With non-Christians who share and live certain traits of Focolare spirituality, “we go beyond dialogue, we feel brothers and sisters, sharing the dream of a more united world, in the harmony of diversity ,” he said. This testimony is a source of joy and consolation, especially in these times of conflict, where religion is often misused to fuel division. (See the full speech here: https://www.vatican.va/content/francesco/en/speeches/2024/june/documents/20240603-interreligioso-focolari.html )

After his speech, the Pope generously gave his time to personally greet each participant. I was able to tell him that I’m pastor in the Reformed Church and a volunteer in the Focolare movement, active in ecumenical and interreligious dialogues. When I also told him that I’m collaborating on the JC2033 initiative, he gave me a big smile and said “ Avanti!” “.

“The Gate of the Spoliation”

The Focolare movement wants to combine dialogue announce of the Gospel. After the audience, a visit to significant places in Rome made it possible to discover the Christian witness of the city, in particular Saint Peter’s Basilica and the Colosseum, site of the martyrdom of the first Christians.

This same process was experienced the next day in Assisi. After a round table in the morning on the theme of peace and creation, the afternoon began with a visit to the “Gate of the Spoliation” with Mgr. Domenico Sorrentino, bishop of Assisi. This is the place where Saint-Francis stripped himself of his clothes in front of his father and the notables of the city and where he he has been stripped of his inheritance by his father.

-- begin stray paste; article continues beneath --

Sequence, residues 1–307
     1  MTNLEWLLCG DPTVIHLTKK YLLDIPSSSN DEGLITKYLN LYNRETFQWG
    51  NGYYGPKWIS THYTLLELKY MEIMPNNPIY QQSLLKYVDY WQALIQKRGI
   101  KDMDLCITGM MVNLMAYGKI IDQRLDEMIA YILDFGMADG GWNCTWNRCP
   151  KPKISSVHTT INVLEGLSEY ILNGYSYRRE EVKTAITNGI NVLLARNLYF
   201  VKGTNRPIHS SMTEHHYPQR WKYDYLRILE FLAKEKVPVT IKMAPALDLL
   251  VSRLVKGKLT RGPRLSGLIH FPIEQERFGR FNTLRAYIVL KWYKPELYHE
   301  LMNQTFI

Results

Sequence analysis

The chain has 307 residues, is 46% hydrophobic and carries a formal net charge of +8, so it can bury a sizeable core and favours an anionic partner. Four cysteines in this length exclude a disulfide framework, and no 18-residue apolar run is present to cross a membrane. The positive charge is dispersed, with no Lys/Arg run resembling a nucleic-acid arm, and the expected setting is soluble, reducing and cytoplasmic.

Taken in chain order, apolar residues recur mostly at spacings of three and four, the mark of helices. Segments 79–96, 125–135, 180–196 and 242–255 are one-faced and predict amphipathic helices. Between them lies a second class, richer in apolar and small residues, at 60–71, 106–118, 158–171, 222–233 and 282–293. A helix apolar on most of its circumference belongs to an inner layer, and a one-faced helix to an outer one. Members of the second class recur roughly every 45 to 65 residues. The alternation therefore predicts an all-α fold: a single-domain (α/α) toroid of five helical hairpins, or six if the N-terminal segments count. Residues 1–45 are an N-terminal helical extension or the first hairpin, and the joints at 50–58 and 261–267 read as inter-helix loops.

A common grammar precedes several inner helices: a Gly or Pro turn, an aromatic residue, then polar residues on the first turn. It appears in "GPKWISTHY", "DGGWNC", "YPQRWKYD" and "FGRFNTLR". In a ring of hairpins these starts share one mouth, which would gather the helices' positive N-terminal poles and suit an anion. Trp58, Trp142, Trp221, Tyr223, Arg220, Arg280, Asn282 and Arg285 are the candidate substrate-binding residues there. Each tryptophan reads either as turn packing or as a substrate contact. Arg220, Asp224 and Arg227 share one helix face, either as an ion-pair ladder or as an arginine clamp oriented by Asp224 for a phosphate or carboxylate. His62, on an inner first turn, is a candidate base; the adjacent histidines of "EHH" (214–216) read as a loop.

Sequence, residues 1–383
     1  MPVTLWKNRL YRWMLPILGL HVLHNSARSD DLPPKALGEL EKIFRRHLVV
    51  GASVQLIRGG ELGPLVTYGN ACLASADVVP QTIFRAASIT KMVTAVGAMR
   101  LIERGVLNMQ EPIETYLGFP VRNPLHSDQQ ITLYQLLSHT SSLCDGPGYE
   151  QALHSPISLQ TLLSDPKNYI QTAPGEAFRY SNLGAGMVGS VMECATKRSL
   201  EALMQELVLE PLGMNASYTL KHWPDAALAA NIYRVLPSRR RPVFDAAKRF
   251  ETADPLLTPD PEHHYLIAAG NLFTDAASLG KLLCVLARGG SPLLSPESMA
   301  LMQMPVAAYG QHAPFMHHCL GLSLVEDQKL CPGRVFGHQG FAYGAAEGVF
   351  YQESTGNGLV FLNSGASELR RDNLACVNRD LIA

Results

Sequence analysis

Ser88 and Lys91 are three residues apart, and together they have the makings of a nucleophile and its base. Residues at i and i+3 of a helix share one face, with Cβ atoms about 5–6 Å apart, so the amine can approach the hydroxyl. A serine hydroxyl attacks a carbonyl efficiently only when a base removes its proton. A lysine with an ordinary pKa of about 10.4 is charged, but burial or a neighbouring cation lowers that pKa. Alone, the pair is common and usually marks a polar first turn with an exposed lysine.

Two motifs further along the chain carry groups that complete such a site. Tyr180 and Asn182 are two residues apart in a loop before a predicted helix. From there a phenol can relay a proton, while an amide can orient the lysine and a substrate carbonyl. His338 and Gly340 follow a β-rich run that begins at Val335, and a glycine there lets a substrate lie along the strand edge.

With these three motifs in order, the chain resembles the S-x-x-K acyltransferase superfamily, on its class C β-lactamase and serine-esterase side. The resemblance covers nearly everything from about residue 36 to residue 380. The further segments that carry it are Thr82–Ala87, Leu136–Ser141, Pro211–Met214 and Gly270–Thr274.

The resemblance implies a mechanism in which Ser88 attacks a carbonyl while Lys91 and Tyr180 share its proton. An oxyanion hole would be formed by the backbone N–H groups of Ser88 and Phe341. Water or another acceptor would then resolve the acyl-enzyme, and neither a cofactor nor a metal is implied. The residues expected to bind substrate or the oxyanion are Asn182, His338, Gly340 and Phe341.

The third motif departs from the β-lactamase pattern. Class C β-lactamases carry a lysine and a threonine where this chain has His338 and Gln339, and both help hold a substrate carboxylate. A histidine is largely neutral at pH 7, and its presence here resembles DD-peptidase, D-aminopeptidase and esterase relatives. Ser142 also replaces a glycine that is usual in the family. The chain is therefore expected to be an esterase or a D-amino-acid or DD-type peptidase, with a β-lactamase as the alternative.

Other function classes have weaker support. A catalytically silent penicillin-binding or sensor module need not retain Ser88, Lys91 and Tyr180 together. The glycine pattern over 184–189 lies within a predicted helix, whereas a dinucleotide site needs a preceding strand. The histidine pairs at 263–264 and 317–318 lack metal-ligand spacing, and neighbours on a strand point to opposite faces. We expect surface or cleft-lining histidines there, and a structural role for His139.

The bishop explains to us that renunciation is an important concept for Christians. It makes us understand what love is, which does not put itself first. “To welcome the other, I must renounce myself; it is also the condition for a real dialogue,” he says.

He then suggests a little silent pilgrimage where everyone asks themselves what renunciation God is calling them to make so that they can be even more in the service of God and their brothers and sisters. I experienced this moment intensely, and this prayer continued to haunt me throughout the rest of that day.

In the “Garden of François”.

After visiting the Basilica of Saint Francis, the group goes to the “Garden of Francis”, at the foot of an “interreligious” bell tower, with the symbols of the various religions: the cross, the star of David, the crescent, the wheel of Dharma.

The “Canticle of Creatures” by Francis of Assisi – “Praise be to you, Lord ” – is then read in three stages: Praise for inanimate beings, for animate beings and for human beings. After this prayer, a “pact of fraternity” is proposed, and we are invited to turn to the person next to us. To a Jewish friend, I then said the words of Psalm 133: “ Hine mah tov or mah nahim ” …and he answers me ” shevet achim gam yachad ” (“ Behold, it is good and pleasant… for brothers to dwell together ”)!

During these days, seeds were sown! May they grow within us and between us and may the brotherhood that we have experienced extend to many others!